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Challenging year

18 Dec 2017

This year has presented significant challenges for insurers, ICNZ chief executive Tim Grafton noted when reflecting on 2017 which has seen extreme weather events such as Edgecumbe and the aftermath of the November 2016 Kaikoura earthquake rattle the industry.'

“This year has been the most expensive year for insurance claims for extreme weather events, costing $243 million,” he explained. “In terms of Kaikoura, insurers have done an outstanding job under the new model where they have been managing and settling claims for the Earthquake Commission (EQC), as well as claims that go straight to the insurer.'

“At the end of this year, we’ll have settled somewhere in the order of 85% or more of the Kaikoura residential claims. It’s a model that’s worked far better than the Canterbury situation, and we believe it’s one that should apply for the future.'

“With Edgecumbe claims we’ll have 90% settled by the end of this year as well. So, in terms of responding to major catastrophe events and major weather events, it’s been a very challenging year but it’s also been a year where the insurance industry can hold its head high. It has dealt with all the pressures that came (its way) and has delivered to moving to settlements for the vast majority of claimants.”'

“I think it’s been a proud year for the insurance sector in terms of how its dealt with those issues,” Grafton added.'

What on the agenda for 2018?
Grafton said there are a number of issues ICNZ would be focusing on in 2018. It will be a busy year, and a significant focus, to address the unresolved claims in Canterbury, including the government enquiry into EQC.

There are also a lot of regulatory and legislative matters to focus on:

  • The Financial Services Legislation Amendment (FSLA) Bill will focus on the conduct and competency of financial advisers.
  • RBNZ’s review of the Insurance (Prudential Supervision) Act will continue into all of 2018 and 2019, and ICNZ will be engaging on that.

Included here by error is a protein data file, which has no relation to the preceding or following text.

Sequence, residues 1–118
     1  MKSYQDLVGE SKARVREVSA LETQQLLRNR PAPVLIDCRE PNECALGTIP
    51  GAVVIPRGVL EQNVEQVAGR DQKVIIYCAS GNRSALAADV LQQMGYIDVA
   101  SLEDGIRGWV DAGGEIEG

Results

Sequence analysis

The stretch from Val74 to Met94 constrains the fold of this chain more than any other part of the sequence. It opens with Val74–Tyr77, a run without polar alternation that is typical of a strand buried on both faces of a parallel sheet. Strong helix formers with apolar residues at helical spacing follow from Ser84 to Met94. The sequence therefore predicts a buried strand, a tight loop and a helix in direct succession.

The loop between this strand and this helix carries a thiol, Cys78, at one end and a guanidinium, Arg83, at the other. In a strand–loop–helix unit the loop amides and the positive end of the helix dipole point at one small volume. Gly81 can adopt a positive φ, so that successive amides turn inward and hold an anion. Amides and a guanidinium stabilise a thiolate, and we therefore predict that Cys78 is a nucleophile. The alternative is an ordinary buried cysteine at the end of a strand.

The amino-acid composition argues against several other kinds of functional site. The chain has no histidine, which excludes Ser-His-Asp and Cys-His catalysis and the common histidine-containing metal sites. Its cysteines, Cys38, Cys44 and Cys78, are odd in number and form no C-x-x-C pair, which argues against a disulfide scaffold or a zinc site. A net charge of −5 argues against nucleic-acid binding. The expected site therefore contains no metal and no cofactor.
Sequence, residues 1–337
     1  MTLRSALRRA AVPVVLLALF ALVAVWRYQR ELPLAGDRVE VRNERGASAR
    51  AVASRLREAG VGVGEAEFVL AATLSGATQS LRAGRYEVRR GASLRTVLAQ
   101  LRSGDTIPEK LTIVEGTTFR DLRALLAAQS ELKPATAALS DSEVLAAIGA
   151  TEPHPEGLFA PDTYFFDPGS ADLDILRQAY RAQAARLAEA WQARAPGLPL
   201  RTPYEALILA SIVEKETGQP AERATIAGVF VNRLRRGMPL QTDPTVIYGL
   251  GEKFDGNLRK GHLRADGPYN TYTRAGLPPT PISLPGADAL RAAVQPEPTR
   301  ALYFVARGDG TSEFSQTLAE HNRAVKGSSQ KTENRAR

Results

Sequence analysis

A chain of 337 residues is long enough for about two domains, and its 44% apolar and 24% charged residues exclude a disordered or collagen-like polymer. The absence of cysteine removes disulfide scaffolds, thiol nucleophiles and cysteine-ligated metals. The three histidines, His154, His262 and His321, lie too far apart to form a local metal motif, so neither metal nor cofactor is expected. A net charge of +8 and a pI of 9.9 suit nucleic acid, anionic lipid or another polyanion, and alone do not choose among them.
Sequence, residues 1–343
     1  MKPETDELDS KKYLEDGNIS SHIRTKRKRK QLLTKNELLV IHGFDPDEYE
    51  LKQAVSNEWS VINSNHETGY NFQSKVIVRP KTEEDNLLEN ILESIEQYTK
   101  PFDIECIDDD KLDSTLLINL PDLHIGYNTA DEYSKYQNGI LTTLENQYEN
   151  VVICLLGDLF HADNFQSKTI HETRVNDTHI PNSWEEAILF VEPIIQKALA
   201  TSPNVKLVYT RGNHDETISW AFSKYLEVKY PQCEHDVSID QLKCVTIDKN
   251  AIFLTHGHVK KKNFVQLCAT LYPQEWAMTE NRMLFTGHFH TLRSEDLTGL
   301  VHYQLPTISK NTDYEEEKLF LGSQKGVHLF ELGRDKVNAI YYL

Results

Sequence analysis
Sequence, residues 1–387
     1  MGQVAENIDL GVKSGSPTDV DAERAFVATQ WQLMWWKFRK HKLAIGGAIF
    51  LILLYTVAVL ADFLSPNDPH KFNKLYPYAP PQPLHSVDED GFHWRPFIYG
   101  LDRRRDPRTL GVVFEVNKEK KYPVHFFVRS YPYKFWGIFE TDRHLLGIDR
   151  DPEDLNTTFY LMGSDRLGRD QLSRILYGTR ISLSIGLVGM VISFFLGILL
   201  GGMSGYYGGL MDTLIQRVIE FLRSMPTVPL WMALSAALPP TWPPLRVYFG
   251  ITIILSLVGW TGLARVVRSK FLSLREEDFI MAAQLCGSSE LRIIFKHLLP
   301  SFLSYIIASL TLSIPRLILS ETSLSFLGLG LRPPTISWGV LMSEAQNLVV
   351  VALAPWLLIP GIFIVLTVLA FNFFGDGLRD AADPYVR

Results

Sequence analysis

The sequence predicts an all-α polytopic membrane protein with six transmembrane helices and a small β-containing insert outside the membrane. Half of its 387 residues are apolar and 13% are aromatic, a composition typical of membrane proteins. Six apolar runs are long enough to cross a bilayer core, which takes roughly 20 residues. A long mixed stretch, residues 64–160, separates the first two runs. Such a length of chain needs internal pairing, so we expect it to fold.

• There are a range of complexities involved in The Fire and Emergency Levy calculations and how that’s applied. ICNZ will try to simplify this for its members, and make it easy to comply with those regulations when they come into effect in 2019.
  • Ensuring there is sufficient time (for members) to be able to change IT systems in order to be ready and compliant when the new regime comes into effect will be a key priority for ICNZ.
    ICNZ’s review into its own Fair Insurance Code – the code ICNZ members comply with, and the review will be a big project in 2018.
  • ICNZ would like greater certainty from the Treasury’s review of the Earthquake Commission Act on arrangements between the two bodies should another event, such as Kaikoura, occur.

“This year has been a year, and next year I think in particular will be a year too, where there will be an increased focus on the implications of new technology in the regulatory area,” Grafton said.

“Robo-advice (digital) is an aspect of it, but also what comes along with AI and sophisticated data analysis, issues around permissions to use data, and not use data in inappropriate ways and privacy issues – all of those things that will be part of the regulator’s view, and issues that we need to address to maintain (market) trust and confidence, which is really important for us.

“It’s always a top priority ensuring that NZ has trust and confidence in insurance.”He added that 2018 would continue to be a year in which ICNZ would focus on working on risk reduction and resilience with local government, academics and researchers, as well as addressing the issue of underinsurance.

Working with brokers in 2018
Grafton said he encouraged closer, constructive working arrangements between underwriters (providers) and financial advisers because strong relationships are always good for the sector, and customers.

“If we can work together, which we are doing, on issues such as the Fire and Emergency Levy regulations and also look at issues where there is significant under insurance, whether that’s with cyber insurance among SMEs or in other areas, we’ll build good strong working relationships,” he said.

 

 - Insurance News

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